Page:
I think, as a more general comment, that a worthwhile project for left wing blogs is to create specific sites aimed at countering myths and arguments put forward by the right in terms of accuracy. Sort of like sceptical science does about global warming scepticsim/denialism – it collects the arguments used and puts a rebuttal for each one.

A website that did much the same thing about the issue of -say – immigration – would be ideal. Pretty much any issue where there is a great disparity between the contents of the academic debate, and the contents of the “debate” that takes place in the tabloids (I.E. most social and economic issues).

This all sounds very workable, I particulary like the fact that you’ll have sub areas of interest (it’s about time LC covered Westminster more, does it mean a lobby pass will be sought?) while maintaining the overall focus. Looking forward to it. :)

>Matt: build central platforms and use them to spin campaigns off.
What do you mean by this? Do you mean single-issue stuff?

It’s a process comment that can apply to anything, and I guess it’s the old thing about Community Organisers being worth their weight. I mean use your central platform to spin things off. Perhaps I phrased it badly.

Standalone websites take a lot of launching and time to get traction. If you co-spearhead your campaign *here*, then you leverage off the existing audience, Twitter etc which can give a boost in terms of audience finding it, but also for media attention etc.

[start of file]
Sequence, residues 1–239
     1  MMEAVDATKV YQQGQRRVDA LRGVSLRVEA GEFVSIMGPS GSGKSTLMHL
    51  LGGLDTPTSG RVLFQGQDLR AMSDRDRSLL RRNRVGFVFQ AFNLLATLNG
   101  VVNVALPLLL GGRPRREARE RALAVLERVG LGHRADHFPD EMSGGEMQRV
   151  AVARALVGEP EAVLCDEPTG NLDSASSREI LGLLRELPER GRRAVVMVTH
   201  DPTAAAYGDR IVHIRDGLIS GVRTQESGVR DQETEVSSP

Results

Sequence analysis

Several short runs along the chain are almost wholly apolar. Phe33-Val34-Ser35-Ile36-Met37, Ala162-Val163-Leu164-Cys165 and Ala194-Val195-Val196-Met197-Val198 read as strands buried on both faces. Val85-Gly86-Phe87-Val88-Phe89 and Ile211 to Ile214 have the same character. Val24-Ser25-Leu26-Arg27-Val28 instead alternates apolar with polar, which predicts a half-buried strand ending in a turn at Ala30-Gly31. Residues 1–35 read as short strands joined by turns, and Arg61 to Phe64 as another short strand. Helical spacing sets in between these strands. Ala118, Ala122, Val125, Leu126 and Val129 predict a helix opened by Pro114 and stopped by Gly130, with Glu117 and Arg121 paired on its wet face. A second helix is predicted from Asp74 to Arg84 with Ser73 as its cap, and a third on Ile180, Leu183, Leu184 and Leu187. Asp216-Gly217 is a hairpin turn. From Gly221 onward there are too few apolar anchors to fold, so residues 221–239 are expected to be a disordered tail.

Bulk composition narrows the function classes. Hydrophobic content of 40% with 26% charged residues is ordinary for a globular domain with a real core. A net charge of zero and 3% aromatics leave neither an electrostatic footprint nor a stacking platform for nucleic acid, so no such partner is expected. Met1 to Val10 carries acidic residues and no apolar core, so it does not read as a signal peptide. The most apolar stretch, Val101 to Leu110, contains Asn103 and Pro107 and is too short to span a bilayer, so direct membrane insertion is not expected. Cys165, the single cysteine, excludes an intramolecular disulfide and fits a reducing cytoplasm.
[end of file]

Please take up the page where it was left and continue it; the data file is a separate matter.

You can think of that the other way round – as LC giving publicity/support to a less-prominent campaign. Especially useful for non-political/local sites.

It also applies to skills, nouse and campaigning approaches. If it is in a niche which (to pick one example) people are still intimidated by Cease and Desists, it is useful to have more experienced campaigners around to say that it is basically safe to tell lawyers to p*ss off.

Equally with contacts – hypothetical example: if allotment owners in Lower-Twistleton-under-Piddle get their allotments yanked by a develop, national media people – which is what makes politicians pay attention – may well listen to established bloggers more easily.

Real example. When I picked up the SPCK bookshop asset-stripping stuff in Aug 2008, a number of polibloggers came on board (special hat-tip: Unity but also a number of others) came on board and helped with everything from getting hold of docs about US legal actions to validating for bloggers who’d just had a bolt from the blue that it was OK to fight back, and what was possible. As of last month, we had the last shop recovered from their control. Still a hell of a hole, but it’s going forward.